If life is a game, nature is the rules.
“THE KNOWLEDGE AT WHICH GEOMETRY AIMS IS THE KNOWLEDGE OF THE ETERNAL.”
—Nature is the collection of forces that dictate the flow of universe and the structure of existence.
—Information is a meaningful arrangement of entities (i.e. things that are in formation).
—The physical universe can be accurately conceptualized as being made up entirely of information.
—The Forms are predetermined ideal objects—the potential structure or shape that things can take, given the rules of nature.
I. No Rules, No Game
Soccer is a game. The rules of soccer are very simple: there’s one ball, two teams, two goals, and each team tries to get the ball through the other team’s goal, without using their hands or arms. That’s enough for some casual pick-up.
If we get into professional play, there’s eleven players on each team, one of them (the goalie) can use their hands within a small area near their own goal, there’s out-of-bounds, you cannot deliberately kick other players instead of going for the ball, and so on.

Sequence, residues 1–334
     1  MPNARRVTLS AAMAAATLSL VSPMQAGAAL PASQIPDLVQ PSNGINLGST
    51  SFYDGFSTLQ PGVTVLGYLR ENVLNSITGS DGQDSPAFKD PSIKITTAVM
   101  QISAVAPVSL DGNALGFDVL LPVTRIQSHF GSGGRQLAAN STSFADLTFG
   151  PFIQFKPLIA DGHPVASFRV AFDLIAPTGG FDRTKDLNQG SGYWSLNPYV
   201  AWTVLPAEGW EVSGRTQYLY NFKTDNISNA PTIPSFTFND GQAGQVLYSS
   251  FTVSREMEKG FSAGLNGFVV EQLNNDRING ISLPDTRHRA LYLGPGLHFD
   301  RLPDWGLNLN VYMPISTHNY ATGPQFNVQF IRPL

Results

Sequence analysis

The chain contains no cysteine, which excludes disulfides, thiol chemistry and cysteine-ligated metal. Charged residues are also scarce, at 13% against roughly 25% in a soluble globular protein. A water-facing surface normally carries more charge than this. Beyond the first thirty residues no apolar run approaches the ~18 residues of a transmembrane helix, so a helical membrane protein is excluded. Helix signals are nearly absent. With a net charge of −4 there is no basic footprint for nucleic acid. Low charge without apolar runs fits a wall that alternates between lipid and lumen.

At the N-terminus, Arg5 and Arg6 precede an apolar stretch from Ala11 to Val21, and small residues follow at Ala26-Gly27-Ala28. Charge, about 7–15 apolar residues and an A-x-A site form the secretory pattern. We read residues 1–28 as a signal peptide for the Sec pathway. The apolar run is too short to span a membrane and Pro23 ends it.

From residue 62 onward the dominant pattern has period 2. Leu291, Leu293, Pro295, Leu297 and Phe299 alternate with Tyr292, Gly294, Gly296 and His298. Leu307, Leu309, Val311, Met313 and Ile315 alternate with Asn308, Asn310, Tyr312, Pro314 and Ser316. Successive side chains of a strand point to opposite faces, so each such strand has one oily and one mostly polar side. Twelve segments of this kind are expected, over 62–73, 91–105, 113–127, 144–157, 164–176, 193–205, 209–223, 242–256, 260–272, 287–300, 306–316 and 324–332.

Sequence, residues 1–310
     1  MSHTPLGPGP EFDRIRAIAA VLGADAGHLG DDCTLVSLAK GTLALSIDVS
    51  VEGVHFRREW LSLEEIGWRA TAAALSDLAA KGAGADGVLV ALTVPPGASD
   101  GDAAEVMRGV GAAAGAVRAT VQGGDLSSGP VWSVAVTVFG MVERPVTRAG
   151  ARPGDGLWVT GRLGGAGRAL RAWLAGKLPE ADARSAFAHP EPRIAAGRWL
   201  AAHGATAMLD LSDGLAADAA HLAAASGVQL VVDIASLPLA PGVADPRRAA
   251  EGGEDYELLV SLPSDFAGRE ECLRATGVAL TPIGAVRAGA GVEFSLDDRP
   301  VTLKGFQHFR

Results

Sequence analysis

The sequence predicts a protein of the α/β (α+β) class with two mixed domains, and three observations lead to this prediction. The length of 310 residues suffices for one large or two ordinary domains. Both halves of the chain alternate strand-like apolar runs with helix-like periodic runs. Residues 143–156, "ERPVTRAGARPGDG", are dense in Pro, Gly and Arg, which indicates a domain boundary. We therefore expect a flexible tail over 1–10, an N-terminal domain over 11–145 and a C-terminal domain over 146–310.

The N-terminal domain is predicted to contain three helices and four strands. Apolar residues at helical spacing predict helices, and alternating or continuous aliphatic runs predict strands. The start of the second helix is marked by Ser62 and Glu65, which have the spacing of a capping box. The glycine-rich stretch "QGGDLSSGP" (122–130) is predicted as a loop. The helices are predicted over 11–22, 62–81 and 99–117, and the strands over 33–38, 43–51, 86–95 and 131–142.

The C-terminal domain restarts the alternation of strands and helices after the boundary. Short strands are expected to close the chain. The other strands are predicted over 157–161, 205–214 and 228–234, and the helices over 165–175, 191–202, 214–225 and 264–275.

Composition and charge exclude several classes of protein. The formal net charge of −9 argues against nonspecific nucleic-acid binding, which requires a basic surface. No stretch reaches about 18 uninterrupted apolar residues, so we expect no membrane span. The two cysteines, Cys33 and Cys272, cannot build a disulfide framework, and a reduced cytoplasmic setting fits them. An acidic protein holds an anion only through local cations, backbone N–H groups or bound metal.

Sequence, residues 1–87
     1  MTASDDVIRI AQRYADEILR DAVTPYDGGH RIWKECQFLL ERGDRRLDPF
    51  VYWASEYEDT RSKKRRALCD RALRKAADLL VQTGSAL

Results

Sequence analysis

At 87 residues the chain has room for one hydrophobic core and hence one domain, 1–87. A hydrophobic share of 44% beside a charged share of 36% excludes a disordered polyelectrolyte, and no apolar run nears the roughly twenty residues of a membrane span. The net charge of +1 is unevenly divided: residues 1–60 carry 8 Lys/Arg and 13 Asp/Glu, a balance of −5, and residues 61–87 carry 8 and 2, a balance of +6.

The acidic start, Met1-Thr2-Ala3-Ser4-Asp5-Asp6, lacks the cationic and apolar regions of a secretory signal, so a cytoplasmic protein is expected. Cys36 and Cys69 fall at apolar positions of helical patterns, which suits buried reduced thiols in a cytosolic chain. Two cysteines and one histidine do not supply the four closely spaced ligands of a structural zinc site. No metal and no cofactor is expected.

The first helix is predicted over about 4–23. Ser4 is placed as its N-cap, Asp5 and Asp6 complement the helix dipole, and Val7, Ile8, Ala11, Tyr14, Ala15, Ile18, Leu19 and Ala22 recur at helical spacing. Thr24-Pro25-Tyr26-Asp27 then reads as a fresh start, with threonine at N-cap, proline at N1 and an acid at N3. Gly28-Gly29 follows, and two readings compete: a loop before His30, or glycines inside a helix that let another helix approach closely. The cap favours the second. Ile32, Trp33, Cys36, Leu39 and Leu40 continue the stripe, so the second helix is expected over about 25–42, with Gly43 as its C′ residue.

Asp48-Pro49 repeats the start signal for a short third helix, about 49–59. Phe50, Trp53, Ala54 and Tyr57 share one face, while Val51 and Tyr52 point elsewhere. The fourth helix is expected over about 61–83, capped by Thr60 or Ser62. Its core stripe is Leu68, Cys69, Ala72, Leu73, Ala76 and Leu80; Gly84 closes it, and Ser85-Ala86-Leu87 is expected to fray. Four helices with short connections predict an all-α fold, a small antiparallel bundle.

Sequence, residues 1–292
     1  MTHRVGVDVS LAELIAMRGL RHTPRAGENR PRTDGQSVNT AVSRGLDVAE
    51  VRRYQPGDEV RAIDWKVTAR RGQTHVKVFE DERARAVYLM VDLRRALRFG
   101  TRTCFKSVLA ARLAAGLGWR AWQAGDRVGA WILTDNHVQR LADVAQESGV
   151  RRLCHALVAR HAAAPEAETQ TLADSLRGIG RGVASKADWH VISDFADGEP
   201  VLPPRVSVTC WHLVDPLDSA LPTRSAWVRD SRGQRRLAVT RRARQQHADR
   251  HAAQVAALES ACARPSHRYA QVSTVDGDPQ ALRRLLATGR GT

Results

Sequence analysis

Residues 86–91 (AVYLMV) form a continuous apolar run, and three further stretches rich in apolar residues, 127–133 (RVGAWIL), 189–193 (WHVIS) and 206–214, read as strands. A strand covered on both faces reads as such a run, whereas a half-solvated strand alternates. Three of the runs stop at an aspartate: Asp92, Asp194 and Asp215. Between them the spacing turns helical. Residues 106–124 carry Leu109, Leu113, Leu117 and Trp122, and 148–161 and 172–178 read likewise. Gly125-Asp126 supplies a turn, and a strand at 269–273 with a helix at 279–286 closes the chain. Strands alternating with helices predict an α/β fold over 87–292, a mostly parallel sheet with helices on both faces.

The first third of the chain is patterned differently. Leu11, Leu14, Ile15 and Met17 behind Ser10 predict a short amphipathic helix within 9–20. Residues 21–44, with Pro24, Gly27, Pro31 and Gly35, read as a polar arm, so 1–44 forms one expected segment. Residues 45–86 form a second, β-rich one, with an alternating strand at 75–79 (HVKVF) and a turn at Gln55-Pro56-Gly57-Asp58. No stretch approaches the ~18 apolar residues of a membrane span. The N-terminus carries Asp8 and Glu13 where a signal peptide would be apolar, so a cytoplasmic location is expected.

The game is fun because it works: it provides an interesting, dynamic, competitive challenge. But the game only works because of the rules.
If we try removing the rules, one-by-one, the game starts to collapse: if there’s no out of bounds, players might chase the ball hundreds of meters away from either goal, ruining the flow of the game; if the goalie can use his hands anywhere on the field, she might just run the ball to the opposing goal like a football player—that ruins the dynamic of the game; If there’s no limit on players, why not throw in thirty people to make a wall in front of your goal?
The game begins to fall apart.
What if we go a step further in removing rules, and remove the ninety-minute time limit? Now the game has no end. What if we remove the goals? Now the teams just dribble around endlessly playing keep-away. What if we remove the teams? Now the game doesn’t make any sense. What if we remove the ball? Perhaps the players won’t notice and just keep running around in circles.
The point is: a game is defined by its rules—the game is the rules. Take away the rules, and there is no game.